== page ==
Screen Time and Mom Guilt.
Hi, Practice families!
A few weeks ago, a good friend from grad school (also a child psychologist, male, childless) forwarded me this article from the New York Times Parenting section, ‘Screen Use Tied to Children’s Brain Development,’ with a one line message: “Not to be missed by Nina the psychologist or Nina the mom.”
I confess: I read this article on my phone at the end of a particularly long day, sitting on the couch at 5:30pm with my 3 year old sitting next to me watching Paw Patrol and my six month old sitting on my lap with his eyes also glued to the screen.
And I immediately felt guilty.
Theoretically, I agree– the less screen time for small children, the better. Let’s face it: it’s good for kids to have engaged, interactive parents. It’s better to have conversations, practice with language, activities that stretch their vocabularies and their imaginations than to be planted in front of a screen.
But. Reading this article– and noticing my own reaction– made me reflect on something that I share with many parents with whom I speak. I have been working with kids and parents for close to twenty years. And I have been a parent myself for only three and a half of those years. Over the course of time, families often have asked me, Do you have kids yourself?
Before having my own kids, I used to find this question kind of annoying. No, I don’t have kids, but I spent six years in grad school and have years of experience working with families to successfully navigate this stuff.
Then I had my own kids, and I understood where this question had been coming from. It’s one thing to know what the ‘right’ thing is to do. It’s another thing to actually do it, to figure out how to make those parenting best practices work for your family and your life.
Before I had kids, I was positive that there would be no eating in the living room, no kids in my bed at night, no screens until they were out of preschool, etc etc etc. Now my couch is covered with milk and Goldfish crumbs, my preschooler has been sleeping in our bed since we transitioned the baby to his crib, and it’s a rare day that passes without an episode or two of Paw Patrol. 🤦🏻♀️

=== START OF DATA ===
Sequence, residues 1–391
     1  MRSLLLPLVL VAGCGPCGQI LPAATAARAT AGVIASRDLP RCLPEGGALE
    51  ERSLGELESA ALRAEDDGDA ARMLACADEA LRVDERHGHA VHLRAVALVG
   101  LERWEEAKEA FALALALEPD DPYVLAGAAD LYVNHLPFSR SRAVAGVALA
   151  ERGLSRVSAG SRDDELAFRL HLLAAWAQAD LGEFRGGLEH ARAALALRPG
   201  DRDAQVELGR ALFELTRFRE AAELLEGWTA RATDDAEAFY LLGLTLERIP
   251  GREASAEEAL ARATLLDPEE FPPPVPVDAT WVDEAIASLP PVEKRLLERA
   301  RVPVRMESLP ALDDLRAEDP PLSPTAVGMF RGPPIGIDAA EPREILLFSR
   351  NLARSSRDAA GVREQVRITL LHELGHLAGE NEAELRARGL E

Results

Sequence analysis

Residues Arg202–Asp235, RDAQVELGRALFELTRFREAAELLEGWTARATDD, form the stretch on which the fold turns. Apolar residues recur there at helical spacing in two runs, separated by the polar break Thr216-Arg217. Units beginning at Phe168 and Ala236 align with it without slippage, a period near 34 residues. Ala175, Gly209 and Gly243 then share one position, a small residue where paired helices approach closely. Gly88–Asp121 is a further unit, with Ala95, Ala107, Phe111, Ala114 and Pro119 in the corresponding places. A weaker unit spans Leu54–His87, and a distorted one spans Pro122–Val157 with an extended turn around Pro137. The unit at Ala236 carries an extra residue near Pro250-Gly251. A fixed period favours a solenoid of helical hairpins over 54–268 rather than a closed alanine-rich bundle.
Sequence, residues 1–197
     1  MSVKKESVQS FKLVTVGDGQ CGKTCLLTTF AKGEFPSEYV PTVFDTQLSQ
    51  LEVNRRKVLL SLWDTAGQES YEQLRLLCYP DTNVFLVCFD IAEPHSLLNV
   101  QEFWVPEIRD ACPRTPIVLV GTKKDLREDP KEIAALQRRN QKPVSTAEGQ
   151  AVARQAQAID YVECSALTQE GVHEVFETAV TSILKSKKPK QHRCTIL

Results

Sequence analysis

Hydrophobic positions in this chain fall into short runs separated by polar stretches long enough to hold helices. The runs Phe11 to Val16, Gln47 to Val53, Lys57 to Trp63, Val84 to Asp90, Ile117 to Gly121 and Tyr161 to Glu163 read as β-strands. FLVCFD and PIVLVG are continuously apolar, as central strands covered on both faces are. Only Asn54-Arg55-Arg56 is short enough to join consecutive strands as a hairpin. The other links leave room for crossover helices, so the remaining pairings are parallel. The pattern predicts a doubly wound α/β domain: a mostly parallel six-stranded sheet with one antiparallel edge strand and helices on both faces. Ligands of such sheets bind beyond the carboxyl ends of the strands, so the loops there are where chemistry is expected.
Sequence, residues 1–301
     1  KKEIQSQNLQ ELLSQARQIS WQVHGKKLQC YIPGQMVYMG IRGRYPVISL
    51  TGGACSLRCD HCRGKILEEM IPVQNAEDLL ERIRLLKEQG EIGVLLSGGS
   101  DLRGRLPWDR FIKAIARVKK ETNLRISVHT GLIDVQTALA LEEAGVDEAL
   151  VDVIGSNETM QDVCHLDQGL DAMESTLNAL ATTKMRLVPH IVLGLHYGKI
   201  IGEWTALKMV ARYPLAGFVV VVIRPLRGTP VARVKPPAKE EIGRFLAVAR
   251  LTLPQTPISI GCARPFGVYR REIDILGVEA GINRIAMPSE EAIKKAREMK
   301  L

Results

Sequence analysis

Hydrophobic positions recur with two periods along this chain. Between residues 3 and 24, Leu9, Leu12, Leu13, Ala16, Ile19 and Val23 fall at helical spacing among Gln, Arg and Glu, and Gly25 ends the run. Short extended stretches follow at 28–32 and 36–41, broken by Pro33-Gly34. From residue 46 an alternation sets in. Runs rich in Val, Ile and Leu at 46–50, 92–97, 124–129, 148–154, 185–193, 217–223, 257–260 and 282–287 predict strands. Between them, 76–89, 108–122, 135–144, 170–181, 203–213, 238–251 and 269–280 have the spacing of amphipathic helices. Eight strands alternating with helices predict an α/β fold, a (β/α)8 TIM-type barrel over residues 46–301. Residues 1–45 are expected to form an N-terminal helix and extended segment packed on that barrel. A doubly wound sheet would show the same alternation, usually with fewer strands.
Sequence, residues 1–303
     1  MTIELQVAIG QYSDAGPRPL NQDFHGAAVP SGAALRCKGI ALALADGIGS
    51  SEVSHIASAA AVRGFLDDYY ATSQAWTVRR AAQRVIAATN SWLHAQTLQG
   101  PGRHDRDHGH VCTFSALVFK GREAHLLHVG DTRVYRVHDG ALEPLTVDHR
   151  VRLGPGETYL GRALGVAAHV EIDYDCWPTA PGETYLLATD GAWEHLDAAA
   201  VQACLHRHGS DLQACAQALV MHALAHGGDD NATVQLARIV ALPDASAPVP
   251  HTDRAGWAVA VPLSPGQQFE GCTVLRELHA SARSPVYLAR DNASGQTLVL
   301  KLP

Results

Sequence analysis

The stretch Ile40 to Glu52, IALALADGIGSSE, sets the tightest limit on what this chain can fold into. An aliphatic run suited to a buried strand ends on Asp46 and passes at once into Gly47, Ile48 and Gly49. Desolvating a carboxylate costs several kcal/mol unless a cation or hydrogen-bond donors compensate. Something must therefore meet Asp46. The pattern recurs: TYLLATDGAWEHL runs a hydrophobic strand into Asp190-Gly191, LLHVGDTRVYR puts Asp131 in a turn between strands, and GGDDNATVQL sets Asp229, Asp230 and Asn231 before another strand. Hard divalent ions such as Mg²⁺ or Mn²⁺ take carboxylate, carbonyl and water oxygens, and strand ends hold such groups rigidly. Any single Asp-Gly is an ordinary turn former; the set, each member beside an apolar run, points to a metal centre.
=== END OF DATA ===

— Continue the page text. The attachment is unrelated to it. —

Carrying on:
Don’t get me wrong– I am not condoning unlimited screen time. I’m just saying that we as parents have to use the information that we have to make the best decisions that we can in the real world. So should you let your kids watch twelve hours (🤯) of screen time a day? Absolutely not. Should you feel guilty about using screen time in moderation at the times that you need to get things done, or just need a break, some time to take a deep breath and help yourself keep your cool? Again… absolutely not.
As parents, it’s helpful for us to be aware of research-based best practices, so we can aim in that direction. Here, that means starting screens after the 18 month mark, where possible (we really are working to limit the baby’s exposure, the above anecdote aside!), then using screens in moderation at times that you really need them, being present and interactive during screen time when you can, and balancing out screen time with engaged, interactive time that helps kids build skills.
And it also means not beating yourself up about doing the best you can. So I hope you can take that with you this week: be clear on what you’d like to do (your values!), then do the best you can. If there are places that you wish you were managing things differently as a parent– whether that’s with screens or in any other area– see if there’s something you can do to shift things even one tiny step in the direction that you want to go.
And remember, we work with parents about all of this stuff– how to integrate research-based recommendations and strategies in a way that works for your parenting and family life, how to manage (and minimize!) parenting guilt, how to troubleshoot challenging behaviors, and how to identify your values, build your own parenting skills and tool-kit, and move toward a more joyful family life. If you’re looking for support, reach out to us today.
P.S., Good resources on the screen time front:
- Children and Media Tips (American Academy of Pediatrics)
- Common Sense Media (website)
- How Tech Experts Monitor Their Teens on Social Media (Wall Street Journal)
- Kids’ Brainpower Tied to Exercise, Sleep and Limited Screen Time (NY Times)
- How and When to Limit Kids’ Tech Use (NY Times)
- How to Break Up with Your Phone (NY Times)
Also, for our expecting and new mamas– you’re not in the screen time trenches yet, but we love Emily Oster because she summarizes the research about pregnancy and early parenthood in a way that helps you make evidence-based decisions. Her books, Expecting Better (pregnancy) and Cribsheet (early parenting), are two of our favorites– if you haven’t checked them out yet, take a look.